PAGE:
Resources for Canadian genealogical research outside of Ontario can be found at a variety of governmental and non-governmental sites outlined below. In some cases, federal or non-governmental institutions have produced research guides that will direct you to important genealogical resources available in other jurisdictions in Canada.

Canadian Museum of HistoryGatineau, QC

In addition to its over 25,000 square metres of museum exhibition space, the Canadian Museum of History is a centre for historical and cultural research about Canadian history and identity. Its National Collection consists of more than four million artifacts, specimens, works of art, written documents, and sound and visual recordings. More than 218,000 artifacts in the collection are accessible in an online database, which include those related to immigrant experience to and in Canada, including the Jewish community. A research guide is available to help develop your research strategy.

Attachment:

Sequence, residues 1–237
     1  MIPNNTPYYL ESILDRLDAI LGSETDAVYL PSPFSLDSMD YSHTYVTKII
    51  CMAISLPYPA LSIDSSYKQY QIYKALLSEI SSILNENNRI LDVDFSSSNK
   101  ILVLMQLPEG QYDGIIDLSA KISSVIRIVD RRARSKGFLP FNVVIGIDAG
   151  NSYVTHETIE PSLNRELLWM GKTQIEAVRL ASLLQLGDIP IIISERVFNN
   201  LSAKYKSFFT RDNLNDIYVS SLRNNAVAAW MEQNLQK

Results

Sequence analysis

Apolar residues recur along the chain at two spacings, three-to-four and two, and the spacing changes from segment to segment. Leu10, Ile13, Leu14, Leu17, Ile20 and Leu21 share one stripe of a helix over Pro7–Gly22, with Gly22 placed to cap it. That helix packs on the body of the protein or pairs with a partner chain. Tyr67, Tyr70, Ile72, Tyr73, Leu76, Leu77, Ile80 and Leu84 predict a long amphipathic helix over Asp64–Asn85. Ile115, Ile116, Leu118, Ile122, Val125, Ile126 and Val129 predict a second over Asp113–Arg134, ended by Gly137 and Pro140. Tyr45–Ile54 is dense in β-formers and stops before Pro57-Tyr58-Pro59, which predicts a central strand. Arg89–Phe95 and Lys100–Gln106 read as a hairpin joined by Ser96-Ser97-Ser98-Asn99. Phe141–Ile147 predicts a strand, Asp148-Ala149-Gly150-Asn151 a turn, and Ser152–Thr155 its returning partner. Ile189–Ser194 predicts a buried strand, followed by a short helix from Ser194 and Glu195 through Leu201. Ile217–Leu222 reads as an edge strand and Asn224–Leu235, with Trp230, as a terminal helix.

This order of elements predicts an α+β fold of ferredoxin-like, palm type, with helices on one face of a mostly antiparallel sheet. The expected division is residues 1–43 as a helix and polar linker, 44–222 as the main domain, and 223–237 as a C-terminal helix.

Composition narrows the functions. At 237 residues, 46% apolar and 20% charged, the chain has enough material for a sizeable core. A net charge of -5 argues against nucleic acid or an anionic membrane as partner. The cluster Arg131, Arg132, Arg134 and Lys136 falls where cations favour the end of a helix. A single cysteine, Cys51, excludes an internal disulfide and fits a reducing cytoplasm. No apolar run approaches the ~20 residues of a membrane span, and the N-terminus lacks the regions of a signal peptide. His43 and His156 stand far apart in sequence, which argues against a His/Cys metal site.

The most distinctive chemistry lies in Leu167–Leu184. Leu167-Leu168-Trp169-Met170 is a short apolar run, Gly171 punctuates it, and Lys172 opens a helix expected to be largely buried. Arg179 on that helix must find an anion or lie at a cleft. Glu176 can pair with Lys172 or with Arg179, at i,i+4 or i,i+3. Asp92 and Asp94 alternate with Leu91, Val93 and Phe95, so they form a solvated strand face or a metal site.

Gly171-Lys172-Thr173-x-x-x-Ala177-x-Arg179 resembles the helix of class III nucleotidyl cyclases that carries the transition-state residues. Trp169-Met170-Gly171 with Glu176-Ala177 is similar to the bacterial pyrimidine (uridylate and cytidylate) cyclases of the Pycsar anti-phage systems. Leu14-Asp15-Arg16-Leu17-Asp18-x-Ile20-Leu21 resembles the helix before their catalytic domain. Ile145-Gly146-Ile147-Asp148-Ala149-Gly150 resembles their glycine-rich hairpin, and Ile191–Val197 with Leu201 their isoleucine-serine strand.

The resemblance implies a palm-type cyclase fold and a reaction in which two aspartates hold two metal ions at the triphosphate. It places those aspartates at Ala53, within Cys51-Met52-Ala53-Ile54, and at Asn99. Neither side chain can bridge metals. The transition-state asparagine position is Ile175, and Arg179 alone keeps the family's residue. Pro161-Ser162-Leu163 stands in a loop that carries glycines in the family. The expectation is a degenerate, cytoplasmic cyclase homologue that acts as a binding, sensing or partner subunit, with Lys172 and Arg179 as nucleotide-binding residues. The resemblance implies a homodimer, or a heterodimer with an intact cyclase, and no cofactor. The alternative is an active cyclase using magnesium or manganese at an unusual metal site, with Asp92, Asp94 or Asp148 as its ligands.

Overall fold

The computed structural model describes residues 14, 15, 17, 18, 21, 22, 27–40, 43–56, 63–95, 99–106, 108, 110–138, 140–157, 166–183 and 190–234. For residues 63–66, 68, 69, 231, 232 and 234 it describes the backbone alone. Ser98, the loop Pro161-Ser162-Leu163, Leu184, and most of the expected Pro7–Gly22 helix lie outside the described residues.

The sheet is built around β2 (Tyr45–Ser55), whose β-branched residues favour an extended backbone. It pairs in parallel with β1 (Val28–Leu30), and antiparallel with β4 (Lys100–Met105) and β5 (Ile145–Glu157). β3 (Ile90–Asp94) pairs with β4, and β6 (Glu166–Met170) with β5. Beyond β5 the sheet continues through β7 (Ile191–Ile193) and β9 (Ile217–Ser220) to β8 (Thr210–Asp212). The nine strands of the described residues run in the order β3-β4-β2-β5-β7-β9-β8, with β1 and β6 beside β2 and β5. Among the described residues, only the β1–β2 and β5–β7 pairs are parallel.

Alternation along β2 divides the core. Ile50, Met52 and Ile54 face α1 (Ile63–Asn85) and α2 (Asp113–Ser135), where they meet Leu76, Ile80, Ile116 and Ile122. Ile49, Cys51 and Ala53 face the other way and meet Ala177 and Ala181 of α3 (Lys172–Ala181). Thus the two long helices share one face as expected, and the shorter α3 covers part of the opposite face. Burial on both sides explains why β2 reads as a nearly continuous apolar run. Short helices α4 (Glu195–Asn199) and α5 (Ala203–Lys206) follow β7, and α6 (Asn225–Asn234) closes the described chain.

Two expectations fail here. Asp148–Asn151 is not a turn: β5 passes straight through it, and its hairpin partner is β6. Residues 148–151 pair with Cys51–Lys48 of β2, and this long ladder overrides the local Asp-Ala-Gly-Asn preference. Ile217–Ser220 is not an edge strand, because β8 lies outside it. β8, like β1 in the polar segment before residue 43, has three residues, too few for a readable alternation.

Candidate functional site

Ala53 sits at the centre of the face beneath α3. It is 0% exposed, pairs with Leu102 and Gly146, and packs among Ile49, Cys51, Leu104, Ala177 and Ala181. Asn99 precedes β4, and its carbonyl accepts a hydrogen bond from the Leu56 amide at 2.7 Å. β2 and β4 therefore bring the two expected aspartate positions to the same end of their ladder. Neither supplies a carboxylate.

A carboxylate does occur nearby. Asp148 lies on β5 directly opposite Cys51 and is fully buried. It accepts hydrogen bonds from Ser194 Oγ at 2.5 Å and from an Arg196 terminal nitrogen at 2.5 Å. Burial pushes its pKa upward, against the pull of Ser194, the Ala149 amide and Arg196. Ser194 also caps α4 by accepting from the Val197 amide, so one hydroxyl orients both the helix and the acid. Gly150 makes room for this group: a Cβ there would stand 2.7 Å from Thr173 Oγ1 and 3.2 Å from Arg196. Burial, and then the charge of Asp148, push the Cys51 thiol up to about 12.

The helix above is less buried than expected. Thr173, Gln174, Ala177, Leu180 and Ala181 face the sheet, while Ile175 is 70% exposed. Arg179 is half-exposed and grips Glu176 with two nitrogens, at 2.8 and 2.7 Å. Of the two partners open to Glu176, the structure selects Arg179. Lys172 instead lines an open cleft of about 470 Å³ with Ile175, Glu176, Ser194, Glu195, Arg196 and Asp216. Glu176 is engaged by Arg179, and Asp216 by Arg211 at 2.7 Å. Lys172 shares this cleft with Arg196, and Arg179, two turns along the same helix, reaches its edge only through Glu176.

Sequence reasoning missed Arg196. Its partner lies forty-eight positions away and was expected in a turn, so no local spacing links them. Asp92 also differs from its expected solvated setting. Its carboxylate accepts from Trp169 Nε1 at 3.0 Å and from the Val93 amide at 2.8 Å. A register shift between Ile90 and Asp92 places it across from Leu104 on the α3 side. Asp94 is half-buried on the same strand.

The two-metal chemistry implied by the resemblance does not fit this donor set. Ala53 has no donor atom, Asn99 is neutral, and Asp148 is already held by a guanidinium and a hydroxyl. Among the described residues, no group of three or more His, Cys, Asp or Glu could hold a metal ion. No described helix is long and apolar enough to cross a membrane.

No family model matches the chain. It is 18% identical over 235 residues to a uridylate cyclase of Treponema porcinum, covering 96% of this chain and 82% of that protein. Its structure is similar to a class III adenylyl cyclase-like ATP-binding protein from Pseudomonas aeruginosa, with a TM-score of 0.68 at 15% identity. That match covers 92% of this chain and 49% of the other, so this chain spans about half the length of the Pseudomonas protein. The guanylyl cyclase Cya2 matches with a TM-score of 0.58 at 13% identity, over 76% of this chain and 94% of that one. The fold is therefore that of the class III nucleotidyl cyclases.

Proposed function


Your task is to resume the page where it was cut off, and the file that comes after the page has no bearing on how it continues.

Canadian Museum of Immigration at Pier 21– Halifax, NS

Pier 21 is a National Historic Site that was the gateway to Canada for one million immigrants between 1928 and 1971. Located in Halifax, Nova Scotia, it also served as the departure point for 368,000 Canadian military personnel during the Second World War. Pier 21 has a museum and an archives.Some resources relating to immigration between and family history are available online, and staff can provide support to researchers who cannot visit the museum in person. These records include databases for ships’ arrivals and passenger lists. You can also order images of ships that arrived in Halifax and elsewhere in Canada.